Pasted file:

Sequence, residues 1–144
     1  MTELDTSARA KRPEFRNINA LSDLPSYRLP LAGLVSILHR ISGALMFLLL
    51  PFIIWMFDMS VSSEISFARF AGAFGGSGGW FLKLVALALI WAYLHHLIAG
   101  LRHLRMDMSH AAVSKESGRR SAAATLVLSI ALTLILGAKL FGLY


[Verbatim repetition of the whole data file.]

Sequence, residues 1–144
     1  MTELDTSARA KRPEFRNINA LSDLPSYRLP LAGLVSILHR ISGALMFLLL
    51  PFIIWMFDMS VSSEISFARF AGAFGGSGGW FLKLVALALI WAYLHHLIAG
   101  LRHLRMDMSH AAVSKESGRR SAAATLVLSI ALTLILGAKL FGLY